United States District Court, D. Hawaii
EMERSON M.F. JOU, M.D., Plaintiff,
GREGORY M. ADALIAN, Defendant.
ORDER DENYING PLAINTIFF'S MOTION FOR JUDGMENT ON
THE PLEADINGS AS TO DEFENDANT'S ANSWER AND AFFIRMATIVE
DEFENSES, ECF NO. 176
Michael Seabright, Chief United States
Emerson M.F. Jou (“Plaintiff”) moves for Judgment
on the Pleadings (the “Motion”) as to Defendant
Gregory M. Adalian's (“Defendant”)
affirmative defenses set forth in his October 7, 2016 Answer
to Plaintiff's Second Amended Complaint
(“SAC”). ECF No. 176. For the reasons set forth
below, the Motion is DENIED as untimely.
case, and its predecessor, has a long and somewhat tortured
history. See, e.g., Jou v. Adalian, 2015 WL
477268 (D. Haw. Feb. 5, 2015) and Jou v. Adalian,
2016 WL 4582042 (D. Haw. Sept. 1, 2016). This Motion,
however, is fairly straightforward and requires only limited
filed his original complaint in this case on April 29, 2015.
ECF No. 1. Defendant answered on October 23, 2015, setting
forth 20 affirmative defenses. ECF No. 20. A First Amended
Complaint (“FAC”) was filed on November 13, 2015,
ECF No. 21, and on November 23, 2015 the answer was filed,
this time with 22 affirmative defenses. ECF No. 24.
September 1, 2016, the court entered an Order dismissing the
FAC, but granting Plaintiff leave to amend as to a single
claim. ECF No. 67. Plaintiff's SAC was then filed on
September 22, 2016, ECF No. 68, and the Answer to the SAC was
filed on October 7, 2016. ECF No. 72. This Answer also
contains 22 affirmative defenses.
24, 2017, over nine months after Defendant filed his Answer
to the SAC, Plaintiff filed this Federal Rule of Civil
Procedure (“Rule”) 12(c) Motion seeking judgment
on the majority of the affirmative defenses. Plaintiff makes
two arguments: 1) the Twombly/Iqbal plausibility
standard applies to affirmative defenses; and 2) regardless
of the standard that applies, Defendant's affirmative
defenses are conclusory or boilerplate, and thus judgment on
the affirmative defenses must be entered in Plaintiff's
favor. Defendant filed an opposition on August 16, 2017. ECF
No. 192. The court finds this matter suitable for disposition
without a hearing pursuant to Local Rule 7.2(d).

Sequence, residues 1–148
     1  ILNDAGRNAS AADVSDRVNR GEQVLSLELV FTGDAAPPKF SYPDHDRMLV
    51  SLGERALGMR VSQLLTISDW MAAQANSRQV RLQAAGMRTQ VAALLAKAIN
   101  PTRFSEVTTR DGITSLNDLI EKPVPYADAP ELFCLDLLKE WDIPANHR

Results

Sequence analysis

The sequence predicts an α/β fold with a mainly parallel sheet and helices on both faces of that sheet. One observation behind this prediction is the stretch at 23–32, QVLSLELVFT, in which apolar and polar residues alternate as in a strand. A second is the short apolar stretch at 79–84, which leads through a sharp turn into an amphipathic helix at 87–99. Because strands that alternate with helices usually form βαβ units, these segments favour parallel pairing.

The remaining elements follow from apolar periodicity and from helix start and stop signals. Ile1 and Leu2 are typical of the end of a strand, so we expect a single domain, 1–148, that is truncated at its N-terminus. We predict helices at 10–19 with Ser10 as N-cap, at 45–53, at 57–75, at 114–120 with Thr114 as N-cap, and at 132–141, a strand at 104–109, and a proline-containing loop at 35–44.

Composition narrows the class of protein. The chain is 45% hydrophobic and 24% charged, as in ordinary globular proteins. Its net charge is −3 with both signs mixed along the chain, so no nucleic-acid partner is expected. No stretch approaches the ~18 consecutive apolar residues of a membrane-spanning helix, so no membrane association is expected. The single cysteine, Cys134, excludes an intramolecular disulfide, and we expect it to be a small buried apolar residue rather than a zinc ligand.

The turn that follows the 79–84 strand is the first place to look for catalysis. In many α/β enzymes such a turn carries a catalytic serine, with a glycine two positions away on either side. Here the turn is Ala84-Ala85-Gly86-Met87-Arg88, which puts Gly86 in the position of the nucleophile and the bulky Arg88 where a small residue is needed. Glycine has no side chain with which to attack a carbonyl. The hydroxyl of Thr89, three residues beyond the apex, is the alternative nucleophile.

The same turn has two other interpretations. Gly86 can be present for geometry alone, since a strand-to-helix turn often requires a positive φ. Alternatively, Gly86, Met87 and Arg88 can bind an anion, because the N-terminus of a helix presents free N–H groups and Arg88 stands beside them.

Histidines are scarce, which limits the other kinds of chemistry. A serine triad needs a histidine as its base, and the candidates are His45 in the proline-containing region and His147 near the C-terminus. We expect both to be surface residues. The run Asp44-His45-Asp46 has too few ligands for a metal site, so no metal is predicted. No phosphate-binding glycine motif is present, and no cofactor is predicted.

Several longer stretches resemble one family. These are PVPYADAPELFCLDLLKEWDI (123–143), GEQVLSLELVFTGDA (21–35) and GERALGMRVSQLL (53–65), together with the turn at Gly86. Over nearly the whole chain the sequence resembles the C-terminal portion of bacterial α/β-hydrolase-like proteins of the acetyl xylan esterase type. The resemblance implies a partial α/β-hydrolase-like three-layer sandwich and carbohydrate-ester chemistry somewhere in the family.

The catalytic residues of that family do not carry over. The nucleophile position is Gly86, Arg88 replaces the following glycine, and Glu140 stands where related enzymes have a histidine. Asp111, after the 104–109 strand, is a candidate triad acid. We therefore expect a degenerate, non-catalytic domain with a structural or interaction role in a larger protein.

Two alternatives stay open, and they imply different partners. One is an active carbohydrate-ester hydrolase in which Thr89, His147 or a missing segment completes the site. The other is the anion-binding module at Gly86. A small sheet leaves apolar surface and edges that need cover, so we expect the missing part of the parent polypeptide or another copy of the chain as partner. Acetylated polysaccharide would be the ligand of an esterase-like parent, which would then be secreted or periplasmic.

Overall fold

the court does not address the merits of Plaintiff's
claim, finding that the Motion should be construed as one
brought under Federal Rule of Civil Procedure 12(f), and is
untimely. In reaching this decision, the court addresses two
issues. First, whether the Twombly/Iqbal standard
applies to affirmative defenses. And second, whether the
Motion is timely. And in discussing the second issue, the
court examines the relationship between Rule
12(f) (which places a time limit on the filing
of a motion to strike an “affirmative defense”)
and Rule 12(h)(2)(B) (which authorizes the filing of a Rule
12(c) motion for failure “to state a legal defense to a
Twombly/Iqbal Do Not Apply to Affirmative
Atlantic Corp. v. Twombly, 550 U.S. 544 (2007), and
Ashcroft v. Iqbal, 556 U.S. 662 (2009), require that
a complaint contain sufficient factual information to state a
plausible claim to relief. Since Twombly and
Iqbal, district courts in the Ninth Circuit have
been divided on whether this standard applies to affirmative
defenses. Compare, e.g., Perez v.
Gordon & Wong Law Grp., P.C., 2012 WL
1029425, at *6-7 (N.D. Cal. Mar. 26, 2012) (finding that the
heightened standard applies to affirmative defenses); and
Dion v. Fulton Friedman & Gullace LLP, 2012 WL
160221, at *2-3 (N.D. Cal. Jan. 17, 2012) (explaining that a
majority of district courts have extended Twombly
and Iqbal to affirmative defense
pleading); with Exp. Dev. Canada v. ESE Elecs.
Inc., 2017 WL 1838581, at *3-4 (C.D. Cal. May 4, 2017)
(declining to extend the Twombly and Iqbal
pleading standard to affirmative defenses); and Kohler v.
Islands Rests., LP, 280 F.R.D. 560, 566 (S.D. Cal. 2012)
years ago this court refused to extend the
Twombly/Iqbal plausibility standard to affirmative
defenses. See Cape Flattery Ltd. v. Titan Mar. LLC,
2012 WL 3113168 (D. Haw. July 31, 2012). Cape
First, Twombly and Iqbal address claims for
relief under Rule 8(a)(2), which requires that a claim for
relief provide “a short and plain statement of the
claim showing that the pleader is entitled to
relief.” (emphasis added). In comparison,
“[s]tating an affirmative defense under Rule 8(c) . . .
does not require the pleader to ‘show' entitlement
to its defense. Rather, ...